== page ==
I have another variation on the "substitute Christmas tree" for 2011! (For previous years, see my earlier post here).
I have to say that I didn't come up with this idea on my own - it's my own interpretation of a tree I saw featured on "Stephen & Chris" (incidentally one of my least favourite programmes on CBC, but on account of a viral infection I was laid up on the couch and formed a captive audience to whatever happened to be on channel 2 at that time!). For a truly hideous alternative Christmas tree, find the lampshade one featured on the same show here.
I murdered a novel last year to make a secret-compartment book, and I've been using up the cut-out pages for various crafts ever since. If you'd like to make a Christmas tree out of pages of print, I have a few suggestions for you before you start hacking to death a great work of fiction:
- Buy one of the 6 copies of "Breaking Dawn" on the shelf at the Kits Salvation Army. Clearly you won't be removing a rare or beloved book from circulation by chopping up one of these. There's a few others that are in surplus - I also saw multiple copies of a novel whose title I forgot (but it's turquoise, and features a person covered in candy beads)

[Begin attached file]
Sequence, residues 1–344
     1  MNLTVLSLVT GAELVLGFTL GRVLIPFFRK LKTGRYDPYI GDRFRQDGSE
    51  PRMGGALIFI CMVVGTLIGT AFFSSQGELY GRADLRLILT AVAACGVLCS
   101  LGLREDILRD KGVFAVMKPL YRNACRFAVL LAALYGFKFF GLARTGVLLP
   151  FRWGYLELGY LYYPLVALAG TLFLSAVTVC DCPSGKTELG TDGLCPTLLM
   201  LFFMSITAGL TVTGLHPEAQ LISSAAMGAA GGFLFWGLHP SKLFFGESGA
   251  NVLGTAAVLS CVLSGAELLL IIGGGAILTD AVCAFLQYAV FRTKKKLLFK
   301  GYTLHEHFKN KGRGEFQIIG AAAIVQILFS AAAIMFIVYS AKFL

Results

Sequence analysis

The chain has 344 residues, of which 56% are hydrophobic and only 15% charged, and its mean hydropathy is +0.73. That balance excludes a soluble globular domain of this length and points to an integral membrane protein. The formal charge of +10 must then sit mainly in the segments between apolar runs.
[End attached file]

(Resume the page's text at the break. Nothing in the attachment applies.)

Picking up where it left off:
- Used copy paper in the recycling bin. Black and white is effective, but colour print-outs could be cool, too!
- Find a book you really, really hated. It's cathartic to cut out pages, fold and hot glue them to a wrapping paper roll core.
As I added pages (started in rounds, but changed to a spiral pattern on the way), I started to change the "slope" of the glued on pages from gentle to steep, in order to (hopefully!) mimic the shape of a tall pine like a lodgepole pine or white spruce. If you use different sizes of pages (bigger on bottom) and keep the slope of the pages relatively constant, you can recreate the fuller-body of a blue spruce or other stumpier but traditional Christmas tree.
I put on a reused bow decoration for a temporary star (there's some really neat tutorials out there for Polish and Finnish stars I'd like to try - maybe I'll do a separate post on those if I get to them!).
Drawbacks to a printed page tree - it's not very tall (less than a metre), and it's a terrible thing to have around advent candles or a menorah! But on the upside, it's free (or very cheap!), it's unusual, it doesn't weigh anything at all, and it's mostly recyclable (and makes good reuse of landfill-bound styrofoam - read up on Green, Broke & Living in Kits plastic recycling in Vancouver here!).